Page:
Treaties That Limit Nuclear Weapons

The threat of a nuclear war has hung over the world since the first military use of an atomic weapon in 1945. Each generation since has had to deal with the potential dangers of large scale nuclear conflict. While some feel that the continued stockpiling of nuclear weapons is the best way to prevent war, a growing movement exists that has 2 main goals:

  • Anti-Proliferation: to limit the expansion of nuclear weapons technology.
  • Nuclear Disarmament: to reduce the total number nuclear devices in existence, ideally down to zero.

Here are some key treaties and accords currently in place:

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  • Antarctic Treaty (1959): One of the first international weapons agreements, this treaty recognized the unique strategic danger that military installation and weapons sites in Antarctica would present. With emerging missile technology, nearly every other continent would have been in range of attacks from Antarctic based weapons. This treaty essentially demilitarized the entire continent, prohibiting any military exercises, troop emplacements, and the testing of or installation of weapons systems, both nuclear and conventional.

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  • Limited Test Ban Treaty (1969): This treaty recognizes and addresses that there is a danger to the world population not only from nuclear attacks, but from the side effects of the development and testing process itself. Studies had already shown that residual nuclear material from testing was making its way into the air, food and water supplies around the world, causing potential harm to men, women and children. Essentially, this treaty limited nuclear testing to underground sites, which reduced their impact on the environment.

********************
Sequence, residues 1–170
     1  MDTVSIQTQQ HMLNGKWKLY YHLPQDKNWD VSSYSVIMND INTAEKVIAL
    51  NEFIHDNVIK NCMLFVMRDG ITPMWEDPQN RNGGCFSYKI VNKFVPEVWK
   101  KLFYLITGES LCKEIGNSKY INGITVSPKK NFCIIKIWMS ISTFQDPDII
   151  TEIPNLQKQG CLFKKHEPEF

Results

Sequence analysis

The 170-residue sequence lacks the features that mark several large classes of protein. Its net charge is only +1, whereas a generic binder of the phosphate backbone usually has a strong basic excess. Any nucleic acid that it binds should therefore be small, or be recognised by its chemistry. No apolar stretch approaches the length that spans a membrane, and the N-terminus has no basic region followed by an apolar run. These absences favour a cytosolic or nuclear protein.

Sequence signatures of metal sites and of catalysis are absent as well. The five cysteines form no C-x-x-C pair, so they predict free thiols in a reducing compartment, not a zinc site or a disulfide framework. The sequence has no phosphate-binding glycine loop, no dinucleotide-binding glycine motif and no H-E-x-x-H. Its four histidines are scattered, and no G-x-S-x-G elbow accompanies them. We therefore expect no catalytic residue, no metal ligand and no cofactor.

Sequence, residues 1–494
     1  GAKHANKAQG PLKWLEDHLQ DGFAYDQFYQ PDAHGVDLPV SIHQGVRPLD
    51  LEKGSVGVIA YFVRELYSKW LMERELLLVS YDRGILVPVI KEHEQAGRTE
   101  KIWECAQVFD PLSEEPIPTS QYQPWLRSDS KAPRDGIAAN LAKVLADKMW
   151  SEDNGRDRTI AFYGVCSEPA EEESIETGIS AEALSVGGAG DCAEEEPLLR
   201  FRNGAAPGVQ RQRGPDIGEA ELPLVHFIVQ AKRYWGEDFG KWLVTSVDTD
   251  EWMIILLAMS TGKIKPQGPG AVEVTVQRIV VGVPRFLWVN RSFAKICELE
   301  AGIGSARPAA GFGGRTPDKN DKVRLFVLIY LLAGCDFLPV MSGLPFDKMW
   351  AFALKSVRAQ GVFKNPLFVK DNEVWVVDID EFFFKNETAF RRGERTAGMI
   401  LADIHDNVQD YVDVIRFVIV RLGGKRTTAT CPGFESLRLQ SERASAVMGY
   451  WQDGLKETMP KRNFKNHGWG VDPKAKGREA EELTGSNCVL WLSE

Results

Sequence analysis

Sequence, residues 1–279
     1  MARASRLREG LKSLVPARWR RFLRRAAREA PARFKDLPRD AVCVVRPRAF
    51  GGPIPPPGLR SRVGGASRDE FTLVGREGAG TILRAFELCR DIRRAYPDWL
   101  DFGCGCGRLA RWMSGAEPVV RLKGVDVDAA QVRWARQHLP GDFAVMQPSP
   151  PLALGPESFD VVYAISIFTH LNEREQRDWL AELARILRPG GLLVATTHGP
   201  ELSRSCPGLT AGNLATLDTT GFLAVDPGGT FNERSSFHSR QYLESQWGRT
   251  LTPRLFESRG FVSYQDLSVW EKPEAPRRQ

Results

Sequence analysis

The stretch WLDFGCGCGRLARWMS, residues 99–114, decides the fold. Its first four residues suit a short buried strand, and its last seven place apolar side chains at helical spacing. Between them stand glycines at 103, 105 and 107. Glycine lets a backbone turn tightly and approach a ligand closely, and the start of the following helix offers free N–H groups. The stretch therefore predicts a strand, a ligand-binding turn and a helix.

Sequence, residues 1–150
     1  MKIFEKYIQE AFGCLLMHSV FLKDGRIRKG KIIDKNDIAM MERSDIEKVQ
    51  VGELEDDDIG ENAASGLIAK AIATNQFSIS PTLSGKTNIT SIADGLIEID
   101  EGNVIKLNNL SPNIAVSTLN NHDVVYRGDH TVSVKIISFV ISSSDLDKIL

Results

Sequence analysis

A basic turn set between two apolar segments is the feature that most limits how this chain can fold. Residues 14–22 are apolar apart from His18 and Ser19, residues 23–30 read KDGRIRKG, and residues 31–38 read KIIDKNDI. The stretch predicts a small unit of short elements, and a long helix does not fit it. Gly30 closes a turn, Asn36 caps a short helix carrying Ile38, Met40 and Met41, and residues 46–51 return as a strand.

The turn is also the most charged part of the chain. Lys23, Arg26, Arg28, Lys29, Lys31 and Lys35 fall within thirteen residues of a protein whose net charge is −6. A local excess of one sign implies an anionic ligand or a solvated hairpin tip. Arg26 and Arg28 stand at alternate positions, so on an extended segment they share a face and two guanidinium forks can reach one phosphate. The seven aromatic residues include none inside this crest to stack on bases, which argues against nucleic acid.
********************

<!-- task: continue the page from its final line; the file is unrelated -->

• Strategic Arms Limitations Treaties: Known as SALT I and SALT II, these treaties were crafted during talks between the then nuclear powers during the 1960’s and 1970’s. The idea was to address the rapid expansion of nuclear arsenals and stockpiles. Nicknamed ‘The Arms Race’, this accumulation of nuclear weapons was an attempt by both the US and the USSR to have a strategic advantage from the size of their arsenals, trying to maintain a condition of Mutually Assured Destruction.
  • Strategic Arms Reduction Treaties (I and II): A set of treaties worked out in the latter part of the 200th century which tried to reduce the total number of nuclear weapons systems in use. The first treaty was forged when the USSR was still a world power, while the second was established after the breakup of the Soviet Union.
  • Anti-Ballistic Missile Treaty (1972): This controversial treaty tries to address one of the main issues behind the arms race, which is weakening the ability of one side to destroy the other, thus upsetting the balance of power.
  • International Convention for the Suppression of Acts of Nuclear Terrorism (2005): This treaty was designed to address a new nuclear threat posed by the possibility of nuclear weapons or material coming into the possession of nations or organizations who engage in acts of terrorism on a regional or global basis. It allows nations to prosecute anyone planning, threatening, or attempting any act of terrorism using a nuclear device or radioactive materials, or involving acts of sabotage on any nuclear power plant or other nuclear facility.

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